Orchestrating Care from a distance

Chris Moon Willems Chris Moon Willems

Chris is a published author and leading expert in the field of elderly care who has appeared on TV and been interviewed on national and local radio. She gainedher expertise from specialising in care for older people during her  training as a social worker and over 30 years of working in operational and senior management for the NHS and Social services.

I am delighted once again that she has contributed an article for “Caron Cares”.

This week June 10th-16th is National Carers week and this is a fitting article.


Orchestrating Care From A Distance

 Caring, no matter where you live, is often long lasting and ever expanding. For the long-distance carer, what may begin as an occasional social phone call to share family news, can eventually turn into regular phone calls about health symptoms, arranging for groceries to be delivered and managing household bills. What starts, as a monthly trip to “check on Mum” may become a bigger project to move her to a care home nearer to where you live.


Sometimes your relative may ask for help; at the sudden start of an illness for example. However when you live far away, some detective work might be necessary to un cover the signs that they need more help.


Become a detective

It can be difficult to know when your elderly relative needs help from phone calls, as many older people are fiercely independent and often over estimate their abilities. If you are personally unable to visit to do the detective work, you could ask another relative, friend or neighbour to pay a visit on your behalf. You need to handle the situation sensitively as your relative might not want to admit that they are often too tired to cook an entire meal. However if you visit at the time they usually have their main meal, and ask. “What’s cooking?” you may get a sense that dinner is a bowl of cereal and be able to offer some help. With your relative’s permission, you might contact people who see your relative regularly – local relatives, friends, neighbours or a doctor for example – and ask them to drop you an email if they are concerned.


Make a longer visit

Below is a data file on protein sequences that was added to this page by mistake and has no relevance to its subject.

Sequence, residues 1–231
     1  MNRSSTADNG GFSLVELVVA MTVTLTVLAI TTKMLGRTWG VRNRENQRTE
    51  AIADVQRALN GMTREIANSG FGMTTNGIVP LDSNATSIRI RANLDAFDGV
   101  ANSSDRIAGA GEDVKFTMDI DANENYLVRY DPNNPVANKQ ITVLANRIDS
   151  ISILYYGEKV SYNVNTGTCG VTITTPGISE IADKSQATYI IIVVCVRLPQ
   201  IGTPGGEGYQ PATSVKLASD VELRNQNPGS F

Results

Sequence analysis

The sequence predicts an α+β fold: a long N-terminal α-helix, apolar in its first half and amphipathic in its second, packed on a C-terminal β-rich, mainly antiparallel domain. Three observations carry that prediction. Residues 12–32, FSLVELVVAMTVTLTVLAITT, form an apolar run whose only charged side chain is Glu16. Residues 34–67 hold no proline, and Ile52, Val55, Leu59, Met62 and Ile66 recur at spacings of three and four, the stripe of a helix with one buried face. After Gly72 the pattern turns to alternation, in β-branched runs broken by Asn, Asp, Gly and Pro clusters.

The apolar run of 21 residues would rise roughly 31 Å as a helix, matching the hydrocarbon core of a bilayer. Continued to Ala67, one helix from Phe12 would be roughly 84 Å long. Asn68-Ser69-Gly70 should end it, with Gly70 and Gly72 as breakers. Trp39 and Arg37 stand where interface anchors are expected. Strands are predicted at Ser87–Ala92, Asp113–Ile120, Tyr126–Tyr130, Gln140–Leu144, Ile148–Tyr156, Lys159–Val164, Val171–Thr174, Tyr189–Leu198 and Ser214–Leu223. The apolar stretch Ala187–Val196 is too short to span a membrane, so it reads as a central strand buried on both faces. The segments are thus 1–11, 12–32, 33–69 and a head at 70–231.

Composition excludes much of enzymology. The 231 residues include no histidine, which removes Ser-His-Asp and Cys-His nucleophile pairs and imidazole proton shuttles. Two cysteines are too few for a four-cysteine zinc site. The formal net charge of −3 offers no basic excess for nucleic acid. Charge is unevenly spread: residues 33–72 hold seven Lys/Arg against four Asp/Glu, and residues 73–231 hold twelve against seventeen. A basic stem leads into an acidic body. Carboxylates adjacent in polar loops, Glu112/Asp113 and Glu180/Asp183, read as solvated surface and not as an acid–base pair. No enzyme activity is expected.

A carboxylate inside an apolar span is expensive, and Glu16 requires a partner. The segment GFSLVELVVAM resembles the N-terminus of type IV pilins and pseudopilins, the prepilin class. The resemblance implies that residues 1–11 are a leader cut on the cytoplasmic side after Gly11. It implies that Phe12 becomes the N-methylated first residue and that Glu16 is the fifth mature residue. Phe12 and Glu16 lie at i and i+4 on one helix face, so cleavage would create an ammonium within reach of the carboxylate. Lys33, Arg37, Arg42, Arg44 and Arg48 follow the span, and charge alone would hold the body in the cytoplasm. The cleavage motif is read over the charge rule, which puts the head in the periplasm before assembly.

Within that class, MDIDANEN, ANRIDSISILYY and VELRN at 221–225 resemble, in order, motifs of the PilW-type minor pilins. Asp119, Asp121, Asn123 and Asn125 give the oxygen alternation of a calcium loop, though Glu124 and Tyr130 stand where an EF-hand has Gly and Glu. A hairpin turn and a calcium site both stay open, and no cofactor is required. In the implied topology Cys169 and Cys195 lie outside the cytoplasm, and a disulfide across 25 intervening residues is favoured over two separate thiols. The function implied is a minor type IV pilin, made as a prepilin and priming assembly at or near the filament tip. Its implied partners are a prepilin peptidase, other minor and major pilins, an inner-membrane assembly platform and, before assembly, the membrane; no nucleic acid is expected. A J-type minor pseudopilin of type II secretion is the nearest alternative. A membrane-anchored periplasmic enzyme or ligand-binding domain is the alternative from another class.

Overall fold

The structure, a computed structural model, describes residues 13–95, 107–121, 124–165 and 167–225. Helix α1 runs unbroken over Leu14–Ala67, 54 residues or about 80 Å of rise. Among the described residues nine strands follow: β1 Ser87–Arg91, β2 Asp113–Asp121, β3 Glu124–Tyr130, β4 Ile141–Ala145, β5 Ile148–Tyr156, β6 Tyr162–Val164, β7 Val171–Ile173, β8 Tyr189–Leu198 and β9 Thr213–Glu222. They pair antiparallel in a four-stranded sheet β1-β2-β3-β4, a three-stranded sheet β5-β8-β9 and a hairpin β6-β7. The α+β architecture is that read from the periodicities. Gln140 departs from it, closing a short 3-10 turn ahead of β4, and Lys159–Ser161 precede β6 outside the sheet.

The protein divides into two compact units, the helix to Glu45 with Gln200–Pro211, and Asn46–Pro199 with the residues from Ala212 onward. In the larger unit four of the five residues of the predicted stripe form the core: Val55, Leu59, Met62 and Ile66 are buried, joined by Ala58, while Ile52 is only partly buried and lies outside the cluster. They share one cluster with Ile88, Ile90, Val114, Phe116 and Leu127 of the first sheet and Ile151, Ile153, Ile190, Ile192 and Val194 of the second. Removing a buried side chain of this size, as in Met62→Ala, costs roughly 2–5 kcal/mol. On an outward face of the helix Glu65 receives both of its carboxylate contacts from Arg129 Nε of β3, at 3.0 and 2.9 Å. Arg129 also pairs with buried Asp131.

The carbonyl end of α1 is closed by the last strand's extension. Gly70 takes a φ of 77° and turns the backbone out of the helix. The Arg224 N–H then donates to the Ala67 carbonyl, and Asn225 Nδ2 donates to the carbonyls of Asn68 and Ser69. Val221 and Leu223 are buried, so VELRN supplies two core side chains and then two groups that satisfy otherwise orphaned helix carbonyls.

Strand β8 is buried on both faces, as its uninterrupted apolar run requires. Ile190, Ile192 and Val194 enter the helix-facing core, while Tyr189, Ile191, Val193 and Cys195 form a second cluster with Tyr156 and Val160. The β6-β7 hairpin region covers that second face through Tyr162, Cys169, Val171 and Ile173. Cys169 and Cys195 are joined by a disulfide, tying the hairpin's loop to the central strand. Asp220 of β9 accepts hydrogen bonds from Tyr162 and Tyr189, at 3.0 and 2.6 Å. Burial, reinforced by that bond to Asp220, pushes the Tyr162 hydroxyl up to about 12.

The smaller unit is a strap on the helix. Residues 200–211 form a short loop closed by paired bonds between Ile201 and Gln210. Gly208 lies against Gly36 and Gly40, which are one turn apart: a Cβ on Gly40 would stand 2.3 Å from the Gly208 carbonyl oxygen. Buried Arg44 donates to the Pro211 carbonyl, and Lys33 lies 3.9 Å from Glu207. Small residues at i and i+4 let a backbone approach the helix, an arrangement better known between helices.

When you spend a longer visit, you can look for possible problem areas. It’s easier for your relative to disguise problems during a short phone call than during a longer personal visit. You can also make the most of your visit if you take time in advance to develop a list of potential problem areas you want to check out while you are there. Of course it may not be possible to do everything in one trip, but you can prioritise potentially dangerous situations and take care of those as soon as possible, then see afterwards if you can arrange for someone else to take care of the rest. As well as safety issues, try and determine your relative’s mood and general health. It is possible to confuse depression in older people (something that is under diagnosed) with normal ageing. If your relative is depressed, they may brighten up during your phone call, but find their cheerful mood difficult to maintain during a longer visit.


Find someone to help you

If your elderly loved one is eligible for support from Social Services keep in touch with the social worker or other professional involved in their care and support. If they are not eligible, look for independent support, for example, Relative Matters is an independent care consultancy that supports relatives with elderly loved ones who have to find and fund their own care in West Sussex and the South East.

Chris has written book “Relative Matters” the essential guide to finding your way around the care system.




Award-winning blogger and former care columnist for Devon Life magazine. I am passionate about helping elderly people and people with dementia live purposeful and independent lives.
Designer of the Dementia Assistance Card and Points Of Light award recipient, Caron hopes to help carers when resources are limited and demand is ever-increasing. I am here to support you.

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